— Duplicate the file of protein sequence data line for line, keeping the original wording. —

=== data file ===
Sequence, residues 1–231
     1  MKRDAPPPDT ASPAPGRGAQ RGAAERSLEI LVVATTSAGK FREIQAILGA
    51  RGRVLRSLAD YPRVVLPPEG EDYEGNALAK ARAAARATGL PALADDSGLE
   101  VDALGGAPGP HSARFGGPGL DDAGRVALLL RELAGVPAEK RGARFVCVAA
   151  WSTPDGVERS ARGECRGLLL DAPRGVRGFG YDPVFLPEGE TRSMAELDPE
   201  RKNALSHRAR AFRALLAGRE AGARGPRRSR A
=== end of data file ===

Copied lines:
Sequence, residues 1–231
     1  MKRDAPPPDT ASPAPGRGAQ RGAAERSLEI LVVATTSAGK FREIQAILGA
    51  RGRVLRSLAD YPRVVLPPEG EDYEGNALAK ARAAARATGL PALADDSGLE
   101  VDALGGAPGP HSARFGGPGL DDAGRVALLL RELAGVPAEK RGARFVCVAA
   151  WSTPDGVERS ARGECRGLLL DAPRGVRGFG YDPVFLPEGE TRSMAELDPE
   201  RKNALSHRAR AFRALLAGRE AGARGPRRSR A